Ames Library Notes: How comics changed my life
The library has always been a staple of my life. As a child I remember every summer I would take home my summer reading program and a different book every week. At first I would make my way through the reading program by devouring the local library’s Hardy Boys collection. Then I slowly transitioned into Choose Your Own Adventure novels before setting in on the popular Alex Rider series. I loved reading these series as I could envision kids my own age going on adventures and solving mysteries or completing “James Bond-esque” missions, and I couldn’t get enough.
However, I soon found myself facing a problem many readers find themselves in. I had completed all these series and didn’t know where to go next. Needing a good book recommendation, I turned to the best resource I could find: my local teen librarian. When I approached them for a book recommendation, they were friendly and asked me a few questions about my interests. In addition, they asked what books, TV shows and movies I had enjoyed in the past. I explained that I had always enjoyed mystery and action novels and when I wanted to watch a movie, I tended to watch movies from the Marvel and Star Wars franchises. Hearing my answers, they nodded along and smiled before saying something I will never forget.
“Well there you go, you just answered your own question. You need to read comics!”
When they told me this, I was uneasy at first. At the time, I was a teenager and felt as though comic books were too childish for me. I was trying to read more mature novels. My teen librarian saw my hesitation and assured me that there was a comic book for everyone.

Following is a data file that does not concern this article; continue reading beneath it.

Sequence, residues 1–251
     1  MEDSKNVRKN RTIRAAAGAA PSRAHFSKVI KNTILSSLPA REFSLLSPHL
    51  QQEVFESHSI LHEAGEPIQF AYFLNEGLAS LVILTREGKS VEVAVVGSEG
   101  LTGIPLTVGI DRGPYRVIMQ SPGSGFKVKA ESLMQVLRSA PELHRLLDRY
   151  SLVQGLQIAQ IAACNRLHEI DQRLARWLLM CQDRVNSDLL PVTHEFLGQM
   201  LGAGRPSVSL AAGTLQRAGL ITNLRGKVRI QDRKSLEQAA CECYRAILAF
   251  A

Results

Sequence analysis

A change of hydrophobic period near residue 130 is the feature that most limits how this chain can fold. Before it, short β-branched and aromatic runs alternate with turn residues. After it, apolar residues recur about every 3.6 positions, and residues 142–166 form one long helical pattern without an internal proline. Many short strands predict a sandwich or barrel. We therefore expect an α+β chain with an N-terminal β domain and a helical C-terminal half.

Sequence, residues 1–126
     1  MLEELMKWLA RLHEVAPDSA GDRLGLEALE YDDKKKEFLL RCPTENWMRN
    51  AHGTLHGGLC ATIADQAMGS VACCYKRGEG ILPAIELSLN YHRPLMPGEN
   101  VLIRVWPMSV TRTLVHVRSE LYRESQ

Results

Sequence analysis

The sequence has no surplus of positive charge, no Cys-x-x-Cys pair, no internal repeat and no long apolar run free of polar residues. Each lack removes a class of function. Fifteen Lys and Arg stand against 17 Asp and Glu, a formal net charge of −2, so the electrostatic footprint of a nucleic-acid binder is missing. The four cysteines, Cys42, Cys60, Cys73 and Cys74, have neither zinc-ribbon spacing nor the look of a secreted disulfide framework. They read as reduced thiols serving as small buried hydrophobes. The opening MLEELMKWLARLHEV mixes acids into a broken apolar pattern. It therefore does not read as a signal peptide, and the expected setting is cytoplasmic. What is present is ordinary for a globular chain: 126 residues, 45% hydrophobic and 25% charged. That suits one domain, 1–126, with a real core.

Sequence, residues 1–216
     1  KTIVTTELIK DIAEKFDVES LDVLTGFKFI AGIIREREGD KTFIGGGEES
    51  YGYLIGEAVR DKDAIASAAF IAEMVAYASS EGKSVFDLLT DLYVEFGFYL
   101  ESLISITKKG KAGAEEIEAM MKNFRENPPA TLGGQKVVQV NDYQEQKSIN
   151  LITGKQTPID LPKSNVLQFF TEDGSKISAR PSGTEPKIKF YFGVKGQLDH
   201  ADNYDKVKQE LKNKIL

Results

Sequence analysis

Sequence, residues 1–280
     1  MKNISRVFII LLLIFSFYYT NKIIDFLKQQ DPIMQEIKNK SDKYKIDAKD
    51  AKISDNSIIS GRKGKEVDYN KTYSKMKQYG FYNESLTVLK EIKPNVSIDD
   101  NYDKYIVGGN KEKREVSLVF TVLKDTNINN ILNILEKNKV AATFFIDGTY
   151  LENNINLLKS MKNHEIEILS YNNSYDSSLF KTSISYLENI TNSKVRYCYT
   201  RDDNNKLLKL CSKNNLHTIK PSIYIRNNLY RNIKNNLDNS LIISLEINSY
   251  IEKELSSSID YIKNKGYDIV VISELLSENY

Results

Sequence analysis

They asked me about more of my interests and which of the Marvel movies I enjoyed the most. I explained to them I had seen the X-Men movies and was a big fan of those books. After hearing that, they took me to the comic book section of the teen space and handed me a copy of Chris Claremont’s classic tale, "X-Men: God Loves, Man Kills." They explained to me this was one of their favorite graphic novels and it is worth a read. I agreed to take it home and give it a try. It was a small enough book and I might as well see what all the hype was about.
Upon reading it, I was automatically hooked. It combined all the things I loved as a teenager and still do: intense storytelling, dynamic artwork and an intriguing mystery. Upon completion, I had to go back for more.
My librarian helped me find a number of different titles ranging from X-Men to Batman and multiple niche titles in between. I found characters that I related to or were going through similar struggles as me. I found stories that I couldn’t get enough of, and I found a passion for drawing that I didn’t know I had through reading comics.
Thanks to comic books, I was able to understand and develop a sense of underlying themes throughout many different titles. I was able to fall back in love with reading and still have a passion for it today.
Comic Books and Manga Recommendations (available at Ames Public Library)
- "Pokemon Adventures vol. 1: Red Chapter" by Hidenori Kusaka
- "Astonishing X-Men vol. 1: Gifted" by Joss Whedon
- "Excalibur vol. 1 The Sword is Drawn" by Chris Claremont
- "Invincible vol. 1 Family Matters" by Robert Kirkman
- "Batgirl vol. 1 Stephanie Brown" by Bryan Miller
- "Buffy the Vampire Slayer: Season 8-9" by Jo Chen